All that remains is to work out how much lead time will be required before the point of the UK’s unceremonious departure from the EU. And what other factors affect the timing. Given the amount of goodwill that exists, six months seems to offer time enough for Scotland to sort out an arrangement by which it can remain in the EU as an independent nation. Hence, September 2018. Any later than that seems unrealistic. But if two years is supposedly long enough to untangle the UK from its membership of the EU, six months is a generous timetable for effectively keeping everything the same.

But Nicola Sturgeon has to reserve the option of bringing the referendum forward. And she will delay announcing a date as long as she possibly can. To understand why, we must acknowledge a hard truth about the nature of the British state.

The British state favours democracy only so long as democracy favours the British state.

The British establishment’s ‘reasoning’ goes as follows. Scotland’s independence campaign represents a threat to the structures of power, privilege and patronage which define the British state. The strength of the Yes movement, combined with the effective political power of the SNP and the authority of the Scottish Parliament creates the potential for the independence campaign to succeed by the democratic route. Therefore, while efforts continue to disrupt the Yes movement, discredit the SNP and delegitimise the Scottish Parliament, the British state must prepare a contingency plan for closing down the democratic route to independence.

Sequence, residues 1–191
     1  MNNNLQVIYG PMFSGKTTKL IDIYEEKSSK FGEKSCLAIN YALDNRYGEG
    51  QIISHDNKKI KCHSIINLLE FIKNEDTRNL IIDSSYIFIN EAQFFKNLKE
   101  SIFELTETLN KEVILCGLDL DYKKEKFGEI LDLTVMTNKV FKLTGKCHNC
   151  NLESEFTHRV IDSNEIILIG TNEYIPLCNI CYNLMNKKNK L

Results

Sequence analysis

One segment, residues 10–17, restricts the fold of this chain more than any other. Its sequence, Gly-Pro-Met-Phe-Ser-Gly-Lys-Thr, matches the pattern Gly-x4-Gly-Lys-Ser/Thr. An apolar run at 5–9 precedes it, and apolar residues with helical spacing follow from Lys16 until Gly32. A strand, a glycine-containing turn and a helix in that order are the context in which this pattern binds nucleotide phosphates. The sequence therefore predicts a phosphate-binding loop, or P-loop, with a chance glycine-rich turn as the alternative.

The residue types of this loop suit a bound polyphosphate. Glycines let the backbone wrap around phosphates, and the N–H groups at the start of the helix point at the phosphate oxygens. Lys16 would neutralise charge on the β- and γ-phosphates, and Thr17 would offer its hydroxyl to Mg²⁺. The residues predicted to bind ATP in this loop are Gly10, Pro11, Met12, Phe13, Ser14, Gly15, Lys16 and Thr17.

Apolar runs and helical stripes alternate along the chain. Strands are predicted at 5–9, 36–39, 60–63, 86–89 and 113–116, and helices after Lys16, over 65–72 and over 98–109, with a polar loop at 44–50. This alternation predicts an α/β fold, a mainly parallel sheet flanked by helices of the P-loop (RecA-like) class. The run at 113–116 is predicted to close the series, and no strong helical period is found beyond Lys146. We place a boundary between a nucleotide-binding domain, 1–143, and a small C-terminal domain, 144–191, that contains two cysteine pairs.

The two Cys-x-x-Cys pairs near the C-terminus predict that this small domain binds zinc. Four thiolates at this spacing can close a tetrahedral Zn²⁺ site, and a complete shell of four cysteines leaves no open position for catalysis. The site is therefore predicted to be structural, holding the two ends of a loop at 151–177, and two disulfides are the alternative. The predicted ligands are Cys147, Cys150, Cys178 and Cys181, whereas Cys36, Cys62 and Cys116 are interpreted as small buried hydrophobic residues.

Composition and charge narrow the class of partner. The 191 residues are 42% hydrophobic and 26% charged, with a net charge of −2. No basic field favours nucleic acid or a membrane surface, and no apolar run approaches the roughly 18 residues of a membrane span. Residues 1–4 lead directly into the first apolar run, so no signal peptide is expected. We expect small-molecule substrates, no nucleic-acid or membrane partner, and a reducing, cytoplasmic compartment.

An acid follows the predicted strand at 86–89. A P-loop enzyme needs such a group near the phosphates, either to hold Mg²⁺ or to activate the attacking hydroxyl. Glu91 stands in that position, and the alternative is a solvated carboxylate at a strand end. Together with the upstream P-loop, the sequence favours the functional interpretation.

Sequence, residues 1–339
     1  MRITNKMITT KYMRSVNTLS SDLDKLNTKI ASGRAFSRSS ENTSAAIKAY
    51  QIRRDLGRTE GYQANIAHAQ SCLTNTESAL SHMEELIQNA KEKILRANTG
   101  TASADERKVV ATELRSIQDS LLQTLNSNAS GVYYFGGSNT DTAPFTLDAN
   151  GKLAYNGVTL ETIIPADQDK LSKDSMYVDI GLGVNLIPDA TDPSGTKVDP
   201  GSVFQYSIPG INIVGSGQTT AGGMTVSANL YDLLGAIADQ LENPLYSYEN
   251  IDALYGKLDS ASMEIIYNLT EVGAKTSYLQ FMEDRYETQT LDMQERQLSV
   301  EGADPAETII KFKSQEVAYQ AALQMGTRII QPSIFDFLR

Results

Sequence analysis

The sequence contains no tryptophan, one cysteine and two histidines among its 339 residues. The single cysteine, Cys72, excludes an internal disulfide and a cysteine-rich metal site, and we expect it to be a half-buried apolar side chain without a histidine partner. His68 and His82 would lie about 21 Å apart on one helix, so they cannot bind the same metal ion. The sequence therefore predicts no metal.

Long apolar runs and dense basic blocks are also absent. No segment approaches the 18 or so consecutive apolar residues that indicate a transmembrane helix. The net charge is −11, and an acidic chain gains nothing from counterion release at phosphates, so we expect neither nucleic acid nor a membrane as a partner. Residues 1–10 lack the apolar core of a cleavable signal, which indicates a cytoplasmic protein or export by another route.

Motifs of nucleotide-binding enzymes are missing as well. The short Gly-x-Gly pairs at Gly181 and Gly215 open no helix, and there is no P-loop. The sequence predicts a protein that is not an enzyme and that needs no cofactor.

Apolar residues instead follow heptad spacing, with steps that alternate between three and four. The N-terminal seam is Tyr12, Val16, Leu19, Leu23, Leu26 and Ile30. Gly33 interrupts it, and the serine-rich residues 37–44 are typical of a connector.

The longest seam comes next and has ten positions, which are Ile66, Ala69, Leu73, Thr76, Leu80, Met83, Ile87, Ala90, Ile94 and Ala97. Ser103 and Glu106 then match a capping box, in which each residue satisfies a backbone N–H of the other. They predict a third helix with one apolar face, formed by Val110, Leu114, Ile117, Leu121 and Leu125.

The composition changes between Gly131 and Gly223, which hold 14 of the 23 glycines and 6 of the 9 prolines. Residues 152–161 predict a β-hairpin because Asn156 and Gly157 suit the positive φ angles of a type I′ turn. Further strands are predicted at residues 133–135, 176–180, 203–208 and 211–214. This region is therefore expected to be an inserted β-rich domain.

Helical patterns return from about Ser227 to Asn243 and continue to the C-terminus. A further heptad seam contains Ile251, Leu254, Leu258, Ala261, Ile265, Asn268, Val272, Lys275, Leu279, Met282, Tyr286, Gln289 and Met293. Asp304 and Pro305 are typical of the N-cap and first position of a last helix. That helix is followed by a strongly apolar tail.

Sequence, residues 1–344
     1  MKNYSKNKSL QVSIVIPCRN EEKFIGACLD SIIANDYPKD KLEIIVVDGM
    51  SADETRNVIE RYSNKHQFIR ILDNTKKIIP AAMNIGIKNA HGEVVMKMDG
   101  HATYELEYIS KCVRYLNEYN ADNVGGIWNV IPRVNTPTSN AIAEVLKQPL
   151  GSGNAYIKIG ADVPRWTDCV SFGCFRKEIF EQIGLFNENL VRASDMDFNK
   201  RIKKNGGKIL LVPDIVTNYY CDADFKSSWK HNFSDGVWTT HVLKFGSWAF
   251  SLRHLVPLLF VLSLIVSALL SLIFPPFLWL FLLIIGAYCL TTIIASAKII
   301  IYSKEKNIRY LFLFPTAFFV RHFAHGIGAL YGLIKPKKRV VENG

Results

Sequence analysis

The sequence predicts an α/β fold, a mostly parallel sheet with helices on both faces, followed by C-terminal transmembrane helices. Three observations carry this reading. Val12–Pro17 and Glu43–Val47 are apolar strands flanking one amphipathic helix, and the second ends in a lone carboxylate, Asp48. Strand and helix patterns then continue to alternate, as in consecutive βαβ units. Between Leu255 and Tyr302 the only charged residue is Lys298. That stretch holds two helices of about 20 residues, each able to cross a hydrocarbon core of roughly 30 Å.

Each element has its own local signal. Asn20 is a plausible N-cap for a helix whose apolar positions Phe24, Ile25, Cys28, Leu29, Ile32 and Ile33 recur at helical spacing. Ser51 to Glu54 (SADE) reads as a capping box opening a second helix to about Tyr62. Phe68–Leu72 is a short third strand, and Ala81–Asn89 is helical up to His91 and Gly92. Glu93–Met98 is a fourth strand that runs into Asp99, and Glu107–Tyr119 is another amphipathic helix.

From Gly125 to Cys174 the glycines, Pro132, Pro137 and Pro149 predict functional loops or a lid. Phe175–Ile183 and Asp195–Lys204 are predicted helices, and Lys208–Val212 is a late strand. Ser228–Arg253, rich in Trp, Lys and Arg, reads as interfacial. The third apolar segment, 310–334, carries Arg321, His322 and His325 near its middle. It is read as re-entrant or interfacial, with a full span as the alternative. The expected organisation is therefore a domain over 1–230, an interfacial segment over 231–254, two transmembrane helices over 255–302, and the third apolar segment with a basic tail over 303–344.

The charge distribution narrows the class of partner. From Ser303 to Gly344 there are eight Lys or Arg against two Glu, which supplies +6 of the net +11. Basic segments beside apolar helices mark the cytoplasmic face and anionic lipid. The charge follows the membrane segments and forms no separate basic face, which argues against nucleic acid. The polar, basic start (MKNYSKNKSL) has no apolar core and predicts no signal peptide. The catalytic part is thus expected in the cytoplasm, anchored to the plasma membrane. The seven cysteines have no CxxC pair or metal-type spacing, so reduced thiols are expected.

The Brexit process requires that the UK be constitutionally redefined. At the very least, it creates an opportunity to do so. It would be foolishly naive, if not fatally complacent, to imagine that the British political elite will not take full advantage of this opportunity to devise a way of locking Scotland into the Union. If nothing else, we can safely assume that they will look to litter the democratic rout with legal impediments and procedural hindrances.